Schools in Alberta and Saskatchewan, facing a staffing shortage owing to the Omicron variant of COVID-19, are struggling to find enough substitute teachers to fill the void, forcing boards to reassign employees such as teacher-librarians and consultants to classrooms in order to keep functioning.
The staffing crunch on the Prairies came as Ontario confirmed that students in the province would resume in-person classes next Monday as planned.
In Calgary and Edmonton, more than 2,500 teachers and other staff members were absent Monday, when Alberta reopened schools after extending the winter break by a week. By noon, two of Calgary’s public schools had shifted five classes to online learning. In Saskatchewan, where students returned last week, schools are surviving by shuffling employees into temporary roles.
Doctors, parents and educators are increasingly divided over in-person learning as the virus spreads more rapidly than it has in the past. The challenge facing officials is balancing the risk of COVID-19, which is often relatively mild in children, with the academic and social harm caused by missing in-school time.
“We are doing everything immediately possible to remain open for in-person learning, including moving principals and other school-based staff into the classroom,” said Megan Geyer, a spokeswoman for the Calgary Board of Education. “The use of positions like principals and learning strategists can be applied for emergent, short-term time periods, but are otherwise not sustainable.”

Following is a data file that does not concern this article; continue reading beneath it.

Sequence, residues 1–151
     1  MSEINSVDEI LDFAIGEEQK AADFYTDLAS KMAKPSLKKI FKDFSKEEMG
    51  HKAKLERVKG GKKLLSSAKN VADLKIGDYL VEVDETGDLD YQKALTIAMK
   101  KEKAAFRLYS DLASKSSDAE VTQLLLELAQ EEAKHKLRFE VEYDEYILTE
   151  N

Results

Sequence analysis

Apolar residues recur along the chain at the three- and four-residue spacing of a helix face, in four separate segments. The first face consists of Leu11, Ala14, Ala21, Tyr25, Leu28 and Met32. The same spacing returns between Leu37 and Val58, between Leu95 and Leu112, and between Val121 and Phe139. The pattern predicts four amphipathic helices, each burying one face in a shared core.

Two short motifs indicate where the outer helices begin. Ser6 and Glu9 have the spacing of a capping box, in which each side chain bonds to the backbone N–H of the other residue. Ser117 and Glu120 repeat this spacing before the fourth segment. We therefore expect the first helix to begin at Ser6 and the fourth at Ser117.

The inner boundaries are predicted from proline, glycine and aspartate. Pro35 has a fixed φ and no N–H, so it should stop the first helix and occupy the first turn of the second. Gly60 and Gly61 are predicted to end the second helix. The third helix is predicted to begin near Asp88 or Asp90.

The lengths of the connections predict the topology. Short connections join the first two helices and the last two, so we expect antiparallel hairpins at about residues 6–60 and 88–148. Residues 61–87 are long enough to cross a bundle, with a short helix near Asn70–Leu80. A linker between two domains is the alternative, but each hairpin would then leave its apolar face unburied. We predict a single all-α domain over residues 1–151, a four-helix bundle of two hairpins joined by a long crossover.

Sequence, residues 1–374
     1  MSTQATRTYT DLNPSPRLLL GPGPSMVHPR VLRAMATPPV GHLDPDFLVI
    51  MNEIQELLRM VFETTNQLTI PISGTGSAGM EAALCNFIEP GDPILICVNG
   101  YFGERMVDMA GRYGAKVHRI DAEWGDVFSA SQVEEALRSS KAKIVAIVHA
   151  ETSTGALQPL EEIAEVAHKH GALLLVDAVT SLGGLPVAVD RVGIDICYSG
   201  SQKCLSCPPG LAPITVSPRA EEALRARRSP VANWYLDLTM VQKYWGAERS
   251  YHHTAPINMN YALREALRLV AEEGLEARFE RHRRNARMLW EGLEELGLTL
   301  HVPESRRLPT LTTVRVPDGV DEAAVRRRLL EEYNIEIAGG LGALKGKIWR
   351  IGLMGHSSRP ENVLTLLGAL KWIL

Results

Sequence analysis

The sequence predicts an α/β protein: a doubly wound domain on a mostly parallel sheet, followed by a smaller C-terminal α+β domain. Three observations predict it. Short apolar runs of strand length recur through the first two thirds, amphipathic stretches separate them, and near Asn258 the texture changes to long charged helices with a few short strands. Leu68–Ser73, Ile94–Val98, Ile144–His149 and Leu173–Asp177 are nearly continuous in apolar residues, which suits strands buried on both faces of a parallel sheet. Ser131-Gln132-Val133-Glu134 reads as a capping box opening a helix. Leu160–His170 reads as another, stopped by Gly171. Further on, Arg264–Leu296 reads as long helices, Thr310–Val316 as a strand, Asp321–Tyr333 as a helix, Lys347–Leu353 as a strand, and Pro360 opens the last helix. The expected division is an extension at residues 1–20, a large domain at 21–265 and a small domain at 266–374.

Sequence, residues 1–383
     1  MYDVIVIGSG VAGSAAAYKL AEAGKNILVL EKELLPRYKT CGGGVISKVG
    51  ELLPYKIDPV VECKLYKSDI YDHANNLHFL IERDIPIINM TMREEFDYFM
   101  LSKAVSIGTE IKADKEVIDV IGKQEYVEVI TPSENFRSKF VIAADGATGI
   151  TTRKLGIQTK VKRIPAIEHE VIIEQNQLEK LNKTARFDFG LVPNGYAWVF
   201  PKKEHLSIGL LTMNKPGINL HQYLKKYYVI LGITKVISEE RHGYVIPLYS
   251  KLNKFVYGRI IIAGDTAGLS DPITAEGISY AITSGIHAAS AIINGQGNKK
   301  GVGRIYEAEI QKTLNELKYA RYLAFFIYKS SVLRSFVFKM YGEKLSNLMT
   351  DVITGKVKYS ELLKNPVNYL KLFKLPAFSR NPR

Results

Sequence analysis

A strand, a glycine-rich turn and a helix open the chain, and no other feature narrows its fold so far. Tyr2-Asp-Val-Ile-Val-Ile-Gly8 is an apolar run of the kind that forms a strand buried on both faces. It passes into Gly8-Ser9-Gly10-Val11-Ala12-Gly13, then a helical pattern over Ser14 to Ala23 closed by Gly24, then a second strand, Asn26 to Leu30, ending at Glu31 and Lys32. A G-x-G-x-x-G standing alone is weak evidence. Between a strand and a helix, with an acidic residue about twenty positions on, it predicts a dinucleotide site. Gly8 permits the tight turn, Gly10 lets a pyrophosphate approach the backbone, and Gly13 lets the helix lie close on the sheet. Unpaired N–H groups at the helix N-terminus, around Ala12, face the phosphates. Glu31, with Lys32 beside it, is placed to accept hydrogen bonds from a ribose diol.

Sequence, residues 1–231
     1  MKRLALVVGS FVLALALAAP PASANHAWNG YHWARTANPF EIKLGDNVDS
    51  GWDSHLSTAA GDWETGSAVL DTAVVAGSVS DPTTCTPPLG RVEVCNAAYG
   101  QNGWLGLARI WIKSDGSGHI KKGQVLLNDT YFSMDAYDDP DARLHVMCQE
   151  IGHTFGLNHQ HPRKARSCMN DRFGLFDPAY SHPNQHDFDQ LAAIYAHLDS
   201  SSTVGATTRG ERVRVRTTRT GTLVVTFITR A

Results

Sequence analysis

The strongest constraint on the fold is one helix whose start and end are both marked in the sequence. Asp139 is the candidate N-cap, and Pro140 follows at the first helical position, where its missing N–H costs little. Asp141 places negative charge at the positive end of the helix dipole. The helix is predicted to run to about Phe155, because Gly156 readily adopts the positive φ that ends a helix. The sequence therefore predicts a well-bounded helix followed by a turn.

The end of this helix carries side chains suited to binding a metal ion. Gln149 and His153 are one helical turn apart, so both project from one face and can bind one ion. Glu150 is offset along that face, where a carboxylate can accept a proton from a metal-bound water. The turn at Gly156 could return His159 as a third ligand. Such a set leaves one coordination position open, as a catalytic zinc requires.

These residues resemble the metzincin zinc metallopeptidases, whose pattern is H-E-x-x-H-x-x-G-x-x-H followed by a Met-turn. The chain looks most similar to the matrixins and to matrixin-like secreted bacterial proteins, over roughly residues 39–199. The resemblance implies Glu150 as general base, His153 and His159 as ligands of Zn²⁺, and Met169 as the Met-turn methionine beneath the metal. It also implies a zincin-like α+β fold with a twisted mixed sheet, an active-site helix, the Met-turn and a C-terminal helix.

The Calgary board tallied 681 vacant teaching positions on Monday, with 30 per cent of those unfilled by 8:00 a.m. The school district also counted 436 absences among support staff, such as education assistants and lunchroom supervisors, with 22 per cent of those slots going unfilled, Ms. Geyer said.
The Calgary Catholic School District said 276 staff members were absent Monday, with 35 per cent of the vacancies related to COVID-19. Catholic board spokeswoman Felicia Zuniga said 80 per cent of the spots were filled by external personnel, with the remaining 20 per cent by reassigned district employees.
Edmonton Public Schools reported 454 absences among teachers Monday, with about 5 per cent of those spots going unfilled. Another 252 educational assistants missed work, and the board was only able to fill about half of those slots, according to spokeswoman Megan Normandeau. Further, Edmonton Catholic Schools counted 420 staff members absent, including 217 teachers, according to spokeswoman Christine Meadows.
“We are doing our best to safeguard and maintain in-person learning but we are anticipating challenges in the days ahead,” Ms. Meadows said.
In Alberta, local administrators can decide whether to shift certain classes online, but they need provincial approval to move an entire school or district to remote learning. Alberta “received and accepted” two such requests as of Monday afternoon, said Dylan Topal, a spokesman for Education Minister Adriana LaGrange. He did not say which schools or authorities made the requests.